Mexico: Child Labour: Working Children of Acapulco 1987-1993
A study of child workers in 22 different locations in Acapulco – for one day each month over a period of two years – demonstrated seasonal variations. An average of 700 children were at work at any one time in the 22 sites and of these, 40% were female and 60% male. While the majority were of mixed origin (Spanish/Indigenous), a large proportion (40%) were Indigenous. The Nahua, Mixtec, Tlapaneco and Amuzgo Indigenous populations make up only 15% of the total population, and many of the children come from rural communities outside Acapulco during the high tourist season to work. Most of the children work in the streets selling food, car washing, windscreen cleaning, basket making or singing for tourists. Another survey of 64,000 children in 194 primary schools revealed that 11% of children between the ages of six and 15 are in employment and of these, 25% miss school in order to work.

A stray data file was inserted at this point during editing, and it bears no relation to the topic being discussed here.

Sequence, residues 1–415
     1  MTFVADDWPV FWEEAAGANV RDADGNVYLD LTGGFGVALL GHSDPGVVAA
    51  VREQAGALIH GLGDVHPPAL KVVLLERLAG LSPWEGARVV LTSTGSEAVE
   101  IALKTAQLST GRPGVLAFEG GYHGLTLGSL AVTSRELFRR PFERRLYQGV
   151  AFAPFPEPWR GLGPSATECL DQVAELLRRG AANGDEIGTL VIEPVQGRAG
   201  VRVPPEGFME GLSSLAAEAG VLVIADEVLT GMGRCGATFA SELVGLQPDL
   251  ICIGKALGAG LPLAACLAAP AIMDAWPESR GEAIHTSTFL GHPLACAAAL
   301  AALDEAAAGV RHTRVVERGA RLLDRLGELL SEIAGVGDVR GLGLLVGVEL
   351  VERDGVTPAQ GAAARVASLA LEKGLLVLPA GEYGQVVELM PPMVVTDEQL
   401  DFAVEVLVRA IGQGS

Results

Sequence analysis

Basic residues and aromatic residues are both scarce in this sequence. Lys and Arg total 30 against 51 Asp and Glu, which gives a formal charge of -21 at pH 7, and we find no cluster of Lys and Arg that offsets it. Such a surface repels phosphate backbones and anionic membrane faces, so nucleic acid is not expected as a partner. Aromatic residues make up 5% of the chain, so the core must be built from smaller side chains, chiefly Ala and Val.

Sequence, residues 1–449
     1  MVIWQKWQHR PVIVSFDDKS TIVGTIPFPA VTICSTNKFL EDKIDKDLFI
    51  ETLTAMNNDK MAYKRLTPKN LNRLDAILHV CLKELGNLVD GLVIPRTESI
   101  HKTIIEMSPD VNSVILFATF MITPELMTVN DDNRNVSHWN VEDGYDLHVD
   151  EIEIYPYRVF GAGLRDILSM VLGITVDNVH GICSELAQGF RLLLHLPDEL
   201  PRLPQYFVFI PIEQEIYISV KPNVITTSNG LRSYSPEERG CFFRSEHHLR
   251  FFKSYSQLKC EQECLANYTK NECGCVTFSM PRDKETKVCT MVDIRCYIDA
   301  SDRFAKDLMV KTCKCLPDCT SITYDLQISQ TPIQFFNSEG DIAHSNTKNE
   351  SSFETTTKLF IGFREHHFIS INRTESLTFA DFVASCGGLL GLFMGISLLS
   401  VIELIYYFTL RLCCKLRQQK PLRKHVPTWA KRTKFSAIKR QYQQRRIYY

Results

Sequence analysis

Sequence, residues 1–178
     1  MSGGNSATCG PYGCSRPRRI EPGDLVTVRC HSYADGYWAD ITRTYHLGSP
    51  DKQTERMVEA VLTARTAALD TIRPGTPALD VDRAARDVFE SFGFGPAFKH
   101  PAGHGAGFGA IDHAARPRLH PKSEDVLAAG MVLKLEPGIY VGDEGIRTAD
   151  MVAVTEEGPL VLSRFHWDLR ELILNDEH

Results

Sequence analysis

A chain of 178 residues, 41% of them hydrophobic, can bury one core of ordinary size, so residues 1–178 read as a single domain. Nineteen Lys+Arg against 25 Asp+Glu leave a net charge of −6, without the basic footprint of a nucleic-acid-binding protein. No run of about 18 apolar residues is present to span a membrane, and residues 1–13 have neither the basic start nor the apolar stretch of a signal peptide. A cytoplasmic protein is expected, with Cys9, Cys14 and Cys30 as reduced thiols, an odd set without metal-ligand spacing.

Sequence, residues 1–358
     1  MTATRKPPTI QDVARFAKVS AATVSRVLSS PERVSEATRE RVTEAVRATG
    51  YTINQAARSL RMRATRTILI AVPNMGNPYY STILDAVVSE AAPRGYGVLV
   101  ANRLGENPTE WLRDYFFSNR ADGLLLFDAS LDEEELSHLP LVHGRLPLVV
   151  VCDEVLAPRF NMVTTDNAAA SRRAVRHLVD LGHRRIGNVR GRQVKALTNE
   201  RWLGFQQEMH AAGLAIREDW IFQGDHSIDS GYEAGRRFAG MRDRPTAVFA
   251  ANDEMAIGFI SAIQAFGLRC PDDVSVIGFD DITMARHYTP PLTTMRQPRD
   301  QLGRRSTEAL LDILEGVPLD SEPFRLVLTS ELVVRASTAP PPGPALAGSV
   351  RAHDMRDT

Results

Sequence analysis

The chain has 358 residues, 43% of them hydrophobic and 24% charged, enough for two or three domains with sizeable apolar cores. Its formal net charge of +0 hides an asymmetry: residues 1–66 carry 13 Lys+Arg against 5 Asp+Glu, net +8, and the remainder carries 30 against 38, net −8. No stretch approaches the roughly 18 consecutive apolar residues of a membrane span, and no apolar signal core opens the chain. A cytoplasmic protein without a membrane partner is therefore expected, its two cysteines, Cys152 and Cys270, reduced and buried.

The main goal of this study was to understand children’s perception of their work hazards and to identify the principal risk factors for the major calamities that befall street children: prostitution, drug addition or disappearance. Every Saturday from 1987 to 1993 CIET offered free medical care and support to working children. A street health centre was set up in the two areas of Acapulco that had the greatest concentration of child workers. Skin diseases, intestinal parasites and acute respiratory infections accounted for the majority of ailments.